History shows separate passage of appropriations bills is less likely in election years.
The House and Senate are encountering familiar roadblocks in attempting to pass the twelve bills that together fund the discretionary portion of the federal government (that’s everything except entitlements, e.g., social security and medicare, and interest on the debt). A “minibus” bill, H.R. 4660, that included three separate appropriations bills (Commerce-Justice-Science; Agriculture-Rural Development-Food & Drug Administration; and Transportation-Housing & Urban Development), was debated on the Senate floor but pulled on June 12 before votes were called. The reason given was that the Senate Democratic leadership was unable to reach agreement with Republicans over the number and nature of amendments. The three bills in the minibus are normally considered three of the easier bills to pass.
APA closely follows the Commerce-Justice-Science bill as it funds the National Science Foundation and is sometimes the focus of negative amendments. Sen. Tom Coburn, R-Okla., offered an amendment last year to deny federal funding for NSF’s political science research portfolio. Coburn has filed a similar amendment this year. Since the Senate has suspended action on the bill, the fate of that amendment is unclear.
Senate Appropriations Chairwoman Barbara A. Mikulski, D-Md., is said to be considering other combinations of bills to bring to the Senate floor. The Military Construction-Veterans Administration bill would likely attract bipartisan cooperation on procedure and nature of amendments. Any floor action, though, would likely wait until after a House-Senate conference committee completes work on emergency VA health care legislation (H.R. 3230), and negotiations on that may extend through the summer months.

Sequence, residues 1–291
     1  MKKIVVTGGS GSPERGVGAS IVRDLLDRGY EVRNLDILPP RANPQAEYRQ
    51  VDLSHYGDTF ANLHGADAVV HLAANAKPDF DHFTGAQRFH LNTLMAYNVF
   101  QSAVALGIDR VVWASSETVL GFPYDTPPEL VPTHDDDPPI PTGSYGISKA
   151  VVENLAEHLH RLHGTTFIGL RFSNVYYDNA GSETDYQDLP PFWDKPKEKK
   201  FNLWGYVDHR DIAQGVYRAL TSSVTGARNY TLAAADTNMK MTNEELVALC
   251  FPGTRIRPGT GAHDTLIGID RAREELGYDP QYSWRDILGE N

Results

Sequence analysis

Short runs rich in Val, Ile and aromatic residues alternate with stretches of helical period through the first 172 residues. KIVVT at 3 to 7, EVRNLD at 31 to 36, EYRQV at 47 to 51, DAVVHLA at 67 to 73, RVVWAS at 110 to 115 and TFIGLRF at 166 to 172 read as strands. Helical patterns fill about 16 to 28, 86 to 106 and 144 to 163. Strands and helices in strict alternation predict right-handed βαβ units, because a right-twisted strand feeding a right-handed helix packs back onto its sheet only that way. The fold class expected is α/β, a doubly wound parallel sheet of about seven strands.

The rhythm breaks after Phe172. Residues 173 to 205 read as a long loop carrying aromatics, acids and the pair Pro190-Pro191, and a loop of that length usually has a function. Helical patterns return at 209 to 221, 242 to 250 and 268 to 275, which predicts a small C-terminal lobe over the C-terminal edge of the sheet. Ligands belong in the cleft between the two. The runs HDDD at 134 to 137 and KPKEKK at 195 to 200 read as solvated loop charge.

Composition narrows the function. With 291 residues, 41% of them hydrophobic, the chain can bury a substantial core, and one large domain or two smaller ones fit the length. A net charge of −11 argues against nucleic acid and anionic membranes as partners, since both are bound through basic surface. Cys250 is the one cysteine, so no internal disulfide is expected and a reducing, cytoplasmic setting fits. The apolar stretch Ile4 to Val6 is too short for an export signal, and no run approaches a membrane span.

According to the Concord Coalition, in the first year of a two-year congressional session, Congress averages twice as many appropriations bills passed on time as in the second year of the session. The second year of the session is the election year, and the jockeying for electoral advantage shows itself in the number and types of amendments offered on spending bills.
As of June 25, the House had passed six of the 12 bills — those funding the Departments of Defense, Commerce, Homeland Security, Transportation, and the Military Construction and Financial Services bills. None have yet passed in the Senate.
Stay tuned to the Budget Blog for any updates on the appropriations bills!